Posted on 28 Jun 2010
A divided Supreme Court on Monday struck down some federal provisions that created a private regulatory body to inspect and discipline public-company accountants.
The high court, in a 5-4 opinion by Chief Justice John Roberts, found fault with some parts of the Public Company Accounting Oversight Board, which was created as part of the 2002 Sarbanes-Oxley Act to combat corporate accounting scandals in the wake of collapses at Enron and WorldCom.
Congress had given the five-member board, a not-for-profit corporation, broad regulatory authority over accounting firms that audit publicly traded companies.
Justice Roberts said the structure of the accounting board violated constitutional separation-of-powers principles because it was too difficult for the president to remove board members.
"The president cannot take care that the laws be faithfully executed if he cannot oversee the faithfulness of the officers who execute them," Justice Roberts wrote.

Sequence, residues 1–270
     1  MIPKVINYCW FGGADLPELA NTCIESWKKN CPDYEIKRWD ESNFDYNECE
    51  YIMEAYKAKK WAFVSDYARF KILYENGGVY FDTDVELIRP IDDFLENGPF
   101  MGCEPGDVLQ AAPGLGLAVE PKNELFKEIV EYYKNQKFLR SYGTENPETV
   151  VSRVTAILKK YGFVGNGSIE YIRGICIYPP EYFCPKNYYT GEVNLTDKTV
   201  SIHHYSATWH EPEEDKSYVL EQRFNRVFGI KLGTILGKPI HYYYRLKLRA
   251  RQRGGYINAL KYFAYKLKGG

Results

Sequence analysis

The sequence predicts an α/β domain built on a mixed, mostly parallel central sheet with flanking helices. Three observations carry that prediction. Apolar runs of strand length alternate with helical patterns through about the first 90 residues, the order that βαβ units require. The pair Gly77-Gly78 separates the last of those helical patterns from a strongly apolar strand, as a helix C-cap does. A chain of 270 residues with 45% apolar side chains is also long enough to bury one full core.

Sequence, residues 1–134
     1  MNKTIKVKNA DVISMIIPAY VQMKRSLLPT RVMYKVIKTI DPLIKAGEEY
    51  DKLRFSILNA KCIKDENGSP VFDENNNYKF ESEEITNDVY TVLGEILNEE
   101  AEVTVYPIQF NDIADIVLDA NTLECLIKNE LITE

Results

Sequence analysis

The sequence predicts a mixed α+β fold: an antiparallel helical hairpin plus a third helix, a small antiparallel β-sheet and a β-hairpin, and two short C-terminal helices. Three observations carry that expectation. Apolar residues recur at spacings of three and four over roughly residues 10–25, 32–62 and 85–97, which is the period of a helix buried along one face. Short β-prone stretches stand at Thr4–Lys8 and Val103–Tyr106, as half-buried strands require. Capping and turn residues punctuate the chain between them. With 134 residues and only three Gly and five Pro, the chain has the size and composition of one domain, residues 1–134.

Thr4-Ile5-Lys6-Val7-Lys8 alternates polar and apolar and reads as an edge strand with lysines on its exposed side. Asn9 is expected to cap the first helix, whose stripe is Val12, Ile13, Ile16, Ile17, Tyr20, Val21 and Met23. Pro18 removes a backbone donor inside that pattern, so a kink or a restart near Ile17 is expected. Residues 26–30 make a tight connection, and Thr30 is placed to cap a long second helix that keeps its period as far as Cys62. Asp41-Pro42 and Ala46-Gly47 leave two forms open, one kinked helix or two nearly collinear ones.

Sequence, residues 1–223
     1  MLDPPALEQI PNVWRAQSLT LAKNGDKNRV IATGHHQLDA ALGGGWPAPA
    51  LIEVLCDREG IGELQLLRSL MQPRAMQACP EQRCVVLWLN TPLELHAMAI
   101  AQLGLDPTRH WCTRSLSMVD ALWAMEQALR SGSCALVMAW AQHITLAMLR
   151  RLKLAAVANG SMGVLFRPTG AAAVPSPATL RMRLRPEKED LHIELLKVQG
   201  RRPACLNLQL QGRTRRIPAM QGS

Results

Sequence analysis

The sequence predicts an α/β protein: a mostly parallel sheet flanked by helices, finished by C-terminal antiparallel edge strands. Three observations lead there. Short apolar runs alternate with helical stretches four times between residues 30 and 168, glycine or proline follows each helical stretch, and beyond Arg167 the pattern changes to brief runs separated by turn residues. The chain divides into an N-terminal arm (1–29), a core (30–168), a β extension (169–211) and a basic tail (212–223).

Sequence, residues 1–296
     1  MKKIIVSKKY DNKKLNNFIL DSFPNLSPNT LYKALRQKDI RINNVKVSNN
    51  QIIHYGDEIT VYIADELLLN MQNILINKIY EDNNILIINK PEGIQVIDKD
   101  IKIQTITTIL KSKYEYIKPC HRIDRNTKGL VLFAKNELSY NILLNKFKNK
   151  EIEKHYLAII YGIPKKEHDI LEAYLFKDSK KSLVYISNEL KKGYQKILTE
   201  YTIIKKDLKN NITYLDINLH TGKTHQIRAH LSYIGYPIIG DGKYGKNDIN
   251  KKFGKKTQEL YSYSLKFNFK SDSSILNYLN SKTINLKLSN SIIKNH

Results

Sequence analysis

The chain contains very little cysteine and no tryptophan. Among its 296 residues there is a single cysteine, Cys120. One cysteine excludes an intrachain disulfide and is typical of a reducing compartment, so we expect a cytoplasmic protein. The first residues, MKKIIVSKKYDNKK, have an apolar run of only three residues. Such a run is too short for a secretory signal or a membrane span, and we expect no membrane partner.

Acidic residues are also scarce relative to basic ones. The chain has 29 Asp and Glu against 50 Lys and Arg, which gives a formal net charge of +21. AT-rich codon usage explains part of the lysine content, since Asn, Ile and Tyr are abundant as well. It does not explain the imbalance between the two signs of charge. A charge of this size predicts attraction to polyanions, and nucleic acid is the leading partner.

The court, however, refused to strike down the accounting board in its entirety, saying the board's mere existence did not violate the Constitution.
Justice Roberts said Sarbanes-Oxley "remains fully operative as a law." He said the unconstitutional provisions governing the board could be severed from the rest of the law.
Justice Roberts said the Securities and Exchange Commission will now have the authority to remove board members at will. Previously, the SEC could only remove members for good cause.
The court's ruling fell along the court's ideological fault lines, with the conservatives in the majority and the liberal justices in dissent.
Justice Stephen Breyer, writing for the dissenters, said the accounting board raised no constitutional concerns. "The court's contrary holding threatens to disrupt severely the fair and efficient administration of the laws," Justice Breyer wrote.
A free-enterprise group and a Nevada accounting firm had challenged the legality of the board, arguing that it violated constitutional separation-of-powers principles.
The challengers argued that Congress impermissibly vested the accounting board with widespread and unsupervised government power that could not be checked by the president or the head of a government department.